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Schools Across The Nation Take A Stand Against Bullying

Sophia Li |
October 22, 2014 | 9:10 p.m. PDT

Web Producer

From on the field to in the classroom, schools around the nation are fighting bullying one campaign and program at a time.

These efforts were visible on Wednesday for PACER’s Unity Day—the National Bullying Prevention Center encouraged schools and communities to wear orange to show that they care about “safe and supportive” environments. 

"Let's show LGBT youth we've got their backs. Stand up against bullying for #spiritday!" Demi Lovato tweeted on Oct. 16.
"Let's show LGBT youth we've got their backs. Stand up against bullying for #spiritday!" Demi Lovato tweeted on Oct. 16.
Unity Day hasn’t been the first time this month that schools and individuals have taken a stand against bullying. Last week, millions wore purple for GLAAD’s #spiritday as an anti-bullying measure and to show support for LGBT youth.

Los Angeles Unified School District teamed up with OUT for Safe Schools and Project SPIN to “blow the whistle” on bullying of LGBT athletes

SEE ALSO: Cyberbullying: L.A. Schools Work To End Student Harassment

The award for most creative anti-bullying effort goes to New Jersey’s Gateway Regional High School Marching Band. Their eight-minute halftime show “Dis” addresses bullying in four movements: Disappointment, Disillusion, Discussion and Discovery, each section going through a different part of the school day.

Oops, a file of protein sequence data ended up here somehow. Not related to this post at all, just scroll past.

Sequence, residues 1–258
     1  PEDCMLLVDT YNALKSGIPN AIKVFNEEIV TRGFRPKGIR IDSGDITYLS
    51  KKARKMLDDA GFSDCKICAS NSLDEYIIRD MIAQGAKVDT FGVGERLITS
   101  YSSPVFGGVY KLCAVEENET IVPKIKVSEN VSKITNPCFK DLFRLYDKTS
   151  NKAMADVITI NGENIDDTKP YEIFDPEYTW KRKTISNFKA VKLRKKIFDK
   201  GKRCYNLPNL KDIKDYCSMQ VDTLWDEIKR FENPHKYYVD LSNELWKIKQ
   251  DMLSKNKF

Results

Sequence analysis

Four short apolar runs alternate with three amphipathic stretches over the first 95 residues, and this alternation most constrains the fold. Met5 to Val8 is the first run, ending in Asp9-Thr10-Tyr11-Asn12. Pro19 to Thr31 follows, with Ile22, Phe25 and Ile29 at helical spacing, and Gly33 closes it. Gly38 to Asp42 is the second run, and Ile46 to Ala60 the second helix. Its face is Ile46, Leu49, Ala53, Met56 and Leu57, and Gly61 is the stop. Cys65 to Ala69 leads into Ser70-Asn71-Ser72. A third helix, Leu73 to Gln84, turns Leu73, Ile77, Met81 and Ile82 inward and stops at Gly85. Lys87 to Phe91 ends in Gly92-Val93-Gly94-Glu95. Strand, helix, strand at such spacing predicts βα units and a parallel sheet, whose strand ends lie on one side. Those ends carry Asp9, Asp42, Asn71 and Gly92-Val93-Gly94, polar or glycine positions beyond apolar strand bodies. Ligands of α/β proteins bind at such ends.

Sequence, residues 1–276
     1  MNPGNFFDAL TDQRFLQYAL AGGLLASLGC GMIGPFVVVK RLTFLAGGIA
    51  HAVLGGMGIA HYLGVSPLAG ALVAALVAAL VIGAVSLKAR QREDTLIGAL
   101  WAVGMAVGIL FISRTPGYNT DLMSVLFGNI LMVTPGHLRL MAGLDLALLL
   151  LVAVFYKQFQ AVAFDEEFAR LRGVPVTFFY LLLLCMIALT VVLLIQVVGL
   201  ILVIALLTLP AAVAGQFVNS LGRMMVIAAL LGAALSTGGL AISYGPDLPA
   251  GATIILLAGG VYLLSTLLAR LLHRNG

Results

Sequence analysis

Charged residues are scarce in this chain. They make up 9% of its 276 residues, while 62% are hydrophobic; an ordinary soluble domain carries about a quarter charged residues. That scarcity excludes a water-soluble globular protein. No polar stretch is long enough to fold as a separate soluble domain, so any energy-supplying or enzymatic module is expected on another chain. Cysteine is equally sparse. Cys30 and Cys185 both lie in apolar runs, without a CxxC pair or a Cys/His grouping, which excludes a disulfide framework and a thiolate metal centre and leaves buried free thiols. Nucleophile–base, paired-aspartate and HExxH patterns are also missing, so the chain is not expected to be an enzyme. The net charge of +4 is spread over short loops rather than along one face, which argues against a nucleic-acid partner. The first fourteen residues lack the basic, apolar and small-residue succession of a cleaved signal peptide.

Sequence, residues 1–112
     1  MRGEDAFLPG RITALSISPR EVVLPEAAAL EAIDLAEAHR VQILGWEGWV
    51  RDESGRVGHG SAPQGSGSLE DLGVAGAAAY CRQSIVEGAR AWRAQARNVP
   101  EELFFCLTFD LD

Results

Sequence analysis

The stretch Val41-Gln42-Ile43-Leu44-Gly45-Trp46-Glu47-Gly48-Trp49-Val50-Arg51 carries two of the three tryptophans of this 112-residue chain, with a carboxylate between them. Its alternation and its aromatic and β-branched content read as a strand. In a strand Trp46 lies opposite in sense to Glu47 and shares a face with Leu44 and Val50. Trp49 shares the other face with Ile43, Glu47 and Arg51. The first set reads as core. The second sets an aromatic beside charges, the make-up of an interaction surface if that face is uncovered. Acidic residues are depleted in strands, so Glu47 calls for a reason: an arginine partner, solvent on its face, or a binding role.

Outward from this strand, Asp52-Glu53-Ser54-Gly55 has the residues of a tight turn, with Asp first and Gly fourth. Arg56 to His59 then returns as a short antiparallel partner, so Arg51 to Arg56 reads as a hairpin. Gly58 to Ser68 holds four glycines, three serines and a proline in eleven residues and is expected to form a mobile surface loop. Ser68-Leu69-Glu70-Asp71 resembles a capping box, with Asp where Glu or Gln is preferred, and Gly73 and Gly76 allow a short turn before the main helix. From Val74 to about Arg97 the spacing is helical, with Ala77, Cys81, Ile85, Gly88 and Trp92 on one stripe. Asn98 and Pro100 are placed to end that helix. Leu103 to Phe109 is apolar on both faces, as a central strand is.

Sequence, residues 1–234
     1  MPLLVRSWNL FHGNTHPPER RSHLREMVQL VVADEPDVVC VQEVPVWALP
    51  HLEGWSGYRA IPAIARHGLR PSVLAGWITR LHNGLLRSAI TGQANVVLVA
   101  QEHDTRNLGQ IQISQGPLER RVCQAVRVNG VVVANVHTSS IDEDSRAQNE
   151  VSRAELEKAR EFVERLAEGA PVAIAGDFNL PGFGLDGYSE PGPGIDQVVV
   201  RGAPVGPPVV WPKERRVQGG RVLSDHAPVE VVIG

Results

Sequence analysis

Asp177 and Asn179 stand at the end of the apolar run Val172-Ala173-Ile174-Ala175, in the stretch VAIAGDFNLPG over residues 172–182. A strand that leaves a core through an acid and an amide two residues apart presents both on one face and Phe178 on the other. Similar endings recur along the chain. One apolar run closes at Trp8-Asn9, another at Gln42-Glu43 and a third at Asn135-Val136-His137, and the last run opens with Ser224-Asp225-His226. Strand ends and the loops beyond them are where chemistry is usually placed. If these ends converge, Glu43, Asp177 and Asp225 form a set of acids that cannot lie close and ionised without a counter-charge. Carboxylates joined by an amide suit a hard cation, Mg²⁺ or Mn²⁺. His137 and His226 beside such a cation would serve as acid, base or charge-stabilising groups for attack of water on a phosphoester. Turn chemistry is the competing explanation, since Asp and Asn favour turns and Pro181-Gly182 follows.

When PACER found out about the show, an ambassador gave the entire band orange ribbons to wear for Unity Day. 

Other schools are getting funding help to deal with bullying.

The Pasadena Unified School District announced last week that they will receive $2.1 million in anti-bullying grants. PUSD also set up a service where students, parents and staffers can report bullying incidents by texting “tip PUSD” to 888777.

SEE ALSO: Bullying Triples Suicide Risk

According to Adam Wolfson, PUSD’s director of communications and community engagement, the grants will go to prevention programs throughout the school system. The goals, Wolfson said, are to have early prevention and to allow students to feel safer at school, because “when they feel safer they’re more willing to speak up.” 

Wolfson said the texting service, which was rolled out in a few schools last year, was created to acknowledge the digital age.

“Kids feel a lot more comfortable sending a text message rather than making a phone call or writing something,” Wolfson said. 

Although the service only resulted in a few tips during its trial period, Wolfson said he thinks students, teachers, and parents are happy that people have the option to report via text. He also clarified that anyone could potentially use the texting service. 

“This is for kids who are being bullied, but just as often it’s for kids who are witnessing bullying,” Wolfson said. 

Reach Web Producer Sophia Li here. Follow her on Twitter here



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